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  1. Rearming the Slingshot?Meg Wallace - 2015 - Acta Analytica 30 (3):283-292.
    Slingshot arguments aim to show that an allegedly non-extensional sentential connective—such as “necessarily ” or “the statement that Φ corresponds to the fact that ”—is, to the contrary, an extensional sentential connective. Stephen Neale : 761-825, 1995, 2001) argues that a reformulation of Gödel’s slingshot puts pressure on us to adopt a particular view of definite descriptions. I formulate a revised version of the slingshot argument—one that relies on Kaplan’s notion of “dthat.” I aim to show that if Neale’s version (...)
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  • Facing Facts With Davidsonian Semantics.Richard N. Manning - 2004 - Philosophical Books 45 (2):111-127.
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  • Slingshot Arguments and the Intensionality of Identity.Dale Jacquette - 2015 - European Journal of Analytic Philosophy 11 (1):5-22.
    It is argued that the slingshot argument does not soundly challenge the truth-maker correspondence theory of truth, by which at least some distinct true propositions are expected to have distinct truth- makers. Objections are presented to possible exact interpretations of the essential slingshot assumption, in which no fully acceptable reconstruction is discovered. A streamlined version of the slingshot is evaluated, in which explicit contradiction results, on the assumption that identity and nonidentity contexts are purely extensional relations, effectively establishing the intensionality (...)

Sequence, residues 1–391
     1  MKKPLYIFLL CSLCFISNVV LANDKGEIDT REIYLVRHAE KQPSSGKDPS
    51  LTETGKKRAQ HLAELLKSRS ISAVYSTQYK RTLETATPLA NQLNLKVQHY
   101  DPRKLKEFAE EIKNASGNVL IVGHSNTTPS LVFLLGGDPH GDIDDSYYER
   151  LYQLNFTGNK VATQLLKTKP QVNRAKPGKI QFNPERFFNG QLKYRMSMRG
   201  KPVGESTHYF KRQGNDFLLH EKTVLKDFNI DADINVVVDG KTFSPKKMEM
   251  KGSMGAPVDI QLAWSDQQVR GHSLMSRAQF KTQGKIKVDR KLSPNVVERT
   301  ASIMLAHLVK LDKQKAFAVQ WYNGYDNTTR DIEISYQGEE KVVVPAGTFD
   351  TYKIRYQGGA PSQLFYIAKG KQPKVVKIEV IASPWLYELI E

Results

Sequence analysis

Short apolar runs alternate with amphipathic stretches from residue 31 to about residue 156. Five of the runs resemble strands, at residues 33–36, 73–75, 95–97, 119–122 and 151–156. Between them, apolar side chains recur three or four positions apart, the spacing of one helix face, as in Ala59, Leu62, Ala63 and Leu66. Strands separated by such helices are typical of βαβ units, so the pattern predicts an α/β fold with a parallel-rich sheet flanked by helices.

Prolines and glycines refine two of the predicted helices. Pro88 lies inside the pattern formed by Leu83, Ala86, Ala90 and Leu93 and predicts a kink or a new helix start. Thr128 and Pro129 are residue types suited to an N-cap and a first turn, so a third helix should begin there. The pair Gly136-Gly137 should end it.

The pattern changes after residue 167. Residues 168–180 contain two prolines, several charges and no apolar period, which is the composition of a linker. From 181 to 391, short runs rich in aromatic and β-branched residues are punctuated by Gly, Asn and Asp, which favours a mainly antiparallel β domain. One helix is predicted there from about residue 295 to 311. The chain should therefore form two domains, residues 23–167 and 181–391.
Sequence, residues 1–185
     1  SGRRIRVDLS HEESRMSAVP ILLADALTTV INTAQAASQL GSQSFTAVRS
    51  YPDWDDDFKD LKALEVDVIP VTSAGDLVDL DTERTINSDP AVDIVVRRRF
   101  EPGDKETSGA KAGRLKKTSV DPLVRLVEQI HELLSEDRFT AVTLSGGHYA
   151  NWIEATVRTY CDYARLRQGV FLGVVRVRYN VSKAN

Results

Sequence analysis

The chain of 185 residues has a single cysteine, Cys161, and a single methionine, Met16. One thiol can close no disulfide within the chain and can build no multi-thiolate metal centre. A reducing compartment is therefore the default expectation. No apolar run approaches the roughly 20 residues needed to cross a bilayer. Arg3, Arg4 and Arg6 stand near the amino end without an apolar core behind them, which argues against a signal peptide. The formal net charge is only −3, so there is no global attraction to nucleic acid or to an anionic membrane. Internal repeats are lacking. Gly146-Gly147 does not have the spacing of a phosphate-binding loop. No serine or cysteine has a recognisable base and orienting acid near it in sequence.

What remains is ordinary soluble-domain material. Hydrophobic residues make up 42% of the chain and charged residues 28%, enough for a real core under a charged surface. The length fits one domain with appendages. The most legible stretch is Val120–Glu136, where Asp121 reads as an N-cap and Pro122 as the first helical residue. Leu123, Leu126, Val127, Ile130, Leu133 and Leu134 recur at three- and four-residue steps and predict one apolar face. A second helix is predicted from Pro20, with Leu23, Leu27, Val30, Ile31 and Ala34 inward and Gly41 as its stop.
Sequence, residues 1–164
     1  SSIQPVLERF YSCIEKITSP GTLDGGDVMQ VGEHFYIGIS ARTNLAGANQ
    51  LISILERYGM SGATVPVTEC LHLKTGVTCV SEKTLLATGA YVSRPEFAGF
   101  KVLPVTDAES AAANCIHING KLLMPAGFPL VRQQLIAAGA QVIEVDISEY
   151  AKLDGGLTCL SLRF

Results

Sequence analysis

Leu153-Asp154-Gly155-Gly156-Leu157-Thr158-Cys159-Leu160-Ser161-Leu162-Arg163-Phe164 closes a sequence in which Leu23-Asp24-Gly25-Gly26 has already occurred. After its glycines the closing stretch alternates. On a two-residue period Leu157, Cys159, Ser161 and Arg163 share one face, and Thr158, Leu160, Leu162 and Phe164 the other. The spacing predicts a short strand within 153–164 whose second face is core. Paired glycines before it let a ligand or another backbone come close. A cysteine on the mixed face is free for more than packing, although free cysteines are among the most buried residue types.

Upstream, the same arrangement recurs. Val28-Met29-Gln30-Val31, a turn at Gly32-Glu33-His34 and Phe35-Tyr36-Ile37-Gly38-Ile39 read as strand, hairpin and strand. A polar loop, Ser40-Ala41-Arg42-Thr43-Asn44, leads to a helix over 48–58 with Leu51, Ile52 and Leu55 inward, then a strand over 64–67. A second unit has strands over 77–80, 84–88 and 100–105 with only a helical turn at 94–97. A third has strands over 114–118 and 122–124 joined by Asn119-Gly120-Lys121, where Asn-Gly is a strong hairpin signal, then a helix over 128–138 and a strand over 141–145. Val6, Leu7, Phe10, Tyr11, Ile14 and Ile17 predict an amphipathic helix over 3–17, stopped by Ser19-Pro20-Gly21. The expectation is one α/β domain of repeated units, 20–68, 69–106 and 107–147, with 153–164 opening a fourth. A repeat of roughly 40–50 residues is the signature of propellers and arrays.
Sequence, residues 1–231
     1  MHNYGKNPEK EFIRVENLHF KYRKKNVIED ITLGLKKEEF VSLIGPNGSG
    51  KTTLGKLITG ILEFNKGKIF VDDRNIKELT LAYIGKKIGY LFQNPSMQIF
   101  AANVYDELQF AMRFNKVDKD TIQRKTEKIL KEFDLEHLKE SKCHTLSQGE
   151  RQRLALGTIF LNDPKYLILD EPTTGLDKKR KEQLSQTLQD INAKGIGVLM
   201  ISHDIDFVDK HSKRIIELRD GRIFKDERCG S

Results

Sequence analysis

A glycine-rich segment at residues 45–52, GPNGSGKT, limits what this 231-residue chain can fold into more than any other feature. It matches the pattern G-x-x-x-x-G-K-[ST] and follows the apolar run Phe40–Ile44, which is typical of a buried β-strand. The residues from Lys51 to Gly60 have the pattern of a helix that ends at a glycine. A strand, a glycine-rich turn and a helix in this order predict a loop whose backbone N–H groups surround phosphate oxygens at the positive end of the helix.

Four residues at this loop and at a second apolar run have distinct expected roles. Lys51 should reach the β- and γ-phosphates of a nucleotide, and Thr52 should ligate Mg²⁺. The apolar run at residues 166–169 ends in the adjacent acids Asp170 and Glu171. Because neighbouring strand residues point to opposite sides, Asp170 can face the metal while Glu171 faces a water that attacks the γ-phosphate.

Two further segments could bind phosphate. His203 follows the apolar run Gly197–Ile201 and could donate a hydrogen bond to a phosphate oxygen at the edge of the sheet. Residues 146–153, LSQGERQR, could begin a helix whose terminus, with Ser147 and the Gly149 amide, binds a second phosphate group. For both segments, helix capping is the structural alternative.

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  • Logically Simple Properties and Relations.Jan Plate - 2016 - Philosophers' Imprint 16:1-40.
    This paper presents an account of what it is for a property or relation (or ‘attribute’ for short) to be logically simple. Based on this account, it is shown, among other things, that the logically simple attributes are in at least one important way sparse. This in turn lends support to the view that the concept of a logically simple attribute can be regarded as a promising substitute for Lewis’s concept of a perfectly natural attribute. At least in part, the (...)
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  • Causal Slingshots.Michael Baumgartner - 2010 - Erkenntnis 72 (1):111-133.